His parents were teachers and politicians persecuted by the communist regime after the communist revolution of 1948: his mother, a member of the regional parliament, was arrested and sentenced to 18 years in prison; his father, mayor of Humpolec before the communist coup, was also sentenced to 10 years in prison. All property of the Zábrana family was confiscated when Zábrana was nineteen. University studies were prohibited to non-communists, so he tried to study in a Catholic school for priests, but this was prohibited, also.
From 1952-53, Zábrana worked in the Tatra Smíchov tram factory in Prague, and the following year in an enamel factory in Radotín, and wrote poems and short stories (published after the fall of the communist regime in 1989 in the book Sedm povídek). At this time he met many writers, both his elders (Vladimír Holan, Jiří Kolář) and his peers Václav Havel, Josef Škvorecký, Bohumil Hrabal). From 1954, he worked full-time as a translator and became one of the best Czech translators of 20th century. His interest focused mainly on Russian and American literature, including Aksjonov, Ivan Bunin, Cvetajeva, Mandelstam, Pasternak, Babel, and Platonov; and Allen Ginsberg, Graham Greene, Sylvia Plath, Wallace Stevens, Ferlinghetti, Ezra Pound, and Gregory Corso.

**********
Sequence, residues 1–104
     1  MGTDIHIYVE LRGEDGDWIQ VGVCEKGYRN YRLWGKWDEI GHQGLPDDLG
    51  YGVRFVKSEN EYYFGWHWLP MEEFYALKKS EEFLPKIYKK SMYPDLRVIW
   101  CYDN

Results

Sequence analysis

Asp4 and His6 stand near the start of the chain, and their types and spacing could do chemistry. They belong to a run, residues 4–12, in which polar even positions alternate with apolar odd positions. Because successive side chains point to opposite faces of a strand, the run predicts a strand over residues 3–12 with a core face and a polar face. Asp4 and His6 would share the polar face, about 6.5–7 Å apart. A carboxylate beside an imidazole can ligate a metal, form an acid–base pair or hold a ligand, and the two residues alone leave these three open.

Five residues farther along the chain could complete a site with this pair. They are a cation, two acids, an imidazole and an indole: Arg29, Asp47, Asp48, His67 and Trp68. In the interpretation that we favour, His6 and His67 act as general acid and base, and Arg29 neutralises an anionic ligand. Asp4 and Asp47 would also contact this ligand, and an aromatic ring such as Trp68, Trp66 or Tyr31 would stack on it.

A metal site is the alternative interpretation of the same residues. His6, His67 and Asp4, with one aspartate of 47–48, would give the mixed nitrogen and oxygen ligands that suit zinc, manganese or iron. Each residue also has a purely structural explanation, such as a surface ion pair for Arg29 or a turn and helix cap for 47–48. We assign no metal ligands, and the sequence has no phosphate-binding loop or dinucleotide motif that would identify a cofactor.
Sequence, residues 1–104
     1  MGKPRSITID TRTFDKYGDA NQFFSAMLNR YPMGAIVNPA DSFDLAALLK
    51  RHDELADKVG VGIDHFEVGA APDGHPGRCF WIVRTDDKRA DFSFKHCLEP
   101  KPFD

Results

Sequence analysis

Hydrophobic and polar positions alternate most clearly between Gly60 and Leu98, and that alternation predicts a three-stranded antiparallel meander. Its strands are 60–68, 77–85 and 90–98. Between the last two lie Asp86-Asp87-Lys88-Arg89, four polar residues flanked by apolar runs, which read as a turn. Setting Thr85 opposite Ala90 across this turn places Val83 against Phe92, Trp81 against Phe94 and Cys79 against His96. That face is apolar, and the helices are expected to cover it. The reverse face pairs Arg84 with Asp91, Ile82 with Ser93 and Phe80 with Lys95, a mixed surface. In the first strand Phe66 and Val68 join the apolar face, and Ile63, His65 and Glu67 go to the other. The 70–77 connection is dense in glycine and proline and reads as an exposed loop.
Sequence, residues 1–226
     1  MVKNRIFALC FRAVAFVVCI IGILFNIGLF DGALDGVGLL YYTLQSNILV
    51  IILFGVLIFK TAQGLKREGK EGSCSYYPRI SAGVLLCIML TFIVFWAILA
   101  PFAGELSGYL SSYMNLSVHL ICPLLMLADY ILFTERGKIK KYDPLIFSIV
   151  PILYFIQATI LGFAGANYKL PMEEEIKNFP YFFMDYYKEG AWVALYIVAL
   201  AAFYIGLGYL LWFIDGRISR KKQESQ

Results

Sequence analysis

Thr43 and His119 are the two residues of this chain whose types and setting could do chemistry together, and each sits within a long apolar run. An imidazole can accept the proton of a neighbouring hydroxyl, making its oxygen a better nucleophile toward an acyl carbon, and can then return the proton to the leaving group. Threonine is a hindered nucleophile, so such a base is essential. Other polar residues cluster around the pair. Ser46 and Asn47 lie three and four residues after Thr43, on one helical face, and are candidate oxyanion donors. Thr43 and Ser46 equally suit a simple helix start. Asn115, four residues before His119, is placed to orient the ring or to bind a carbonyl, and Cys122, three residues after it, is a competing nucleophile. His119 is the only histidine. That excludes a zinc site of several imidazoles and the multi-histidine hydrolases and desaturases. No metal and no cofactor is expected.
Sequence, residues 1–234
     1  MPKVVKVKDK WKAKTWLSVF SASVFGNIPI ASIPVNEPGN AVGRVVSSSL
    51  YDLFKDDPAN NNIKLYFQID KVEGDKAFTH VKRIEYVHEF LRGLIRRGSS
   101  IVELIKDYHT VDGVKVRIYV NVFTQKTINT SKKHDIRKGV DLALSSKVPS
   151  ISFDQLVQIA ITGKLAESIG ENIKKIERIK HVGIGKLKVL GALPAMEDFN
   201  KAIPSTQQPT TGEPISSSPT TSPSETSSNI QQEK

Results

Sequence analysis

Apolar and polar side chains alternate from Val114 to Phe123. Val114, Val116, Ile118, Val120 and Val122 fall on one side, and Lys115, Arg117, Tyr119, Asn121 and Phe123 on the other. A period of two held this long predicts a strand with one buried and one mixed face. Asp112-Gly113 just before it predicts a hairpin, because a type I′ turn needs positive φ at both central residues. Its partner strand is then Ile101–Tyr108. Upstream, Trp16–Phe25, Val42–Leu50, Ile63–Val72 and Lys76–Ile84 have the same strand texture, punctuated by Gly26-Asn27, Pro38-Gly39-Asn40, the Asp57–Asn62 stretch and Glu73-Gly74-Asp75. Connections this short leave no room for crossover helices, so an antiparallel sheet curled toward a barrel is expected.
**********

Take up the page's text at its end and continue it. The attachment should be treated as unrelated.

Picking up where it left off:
Zábrana also wrote many afterwords to his translations and these were published in Potkat básníka in 1989. Apart from three years during the 1960s when he published three collections (Utkvělé černé ikony 1965, Lynč 1968 and Stránky z deníku 1968), he published no original poetry in his lifetime. He wrote three detective stories (with Josef Škvorecký), and one novel for children. In the normalization period of the 1970s, later in the 1980s, he wrote poetry and continued with his diaries, published in 1992 under the title Celý život (A Whole Life).
- "Jan Zábrana" (in Czech). Slovník české literatury po r. 1945. Retrieved 16 May 2011.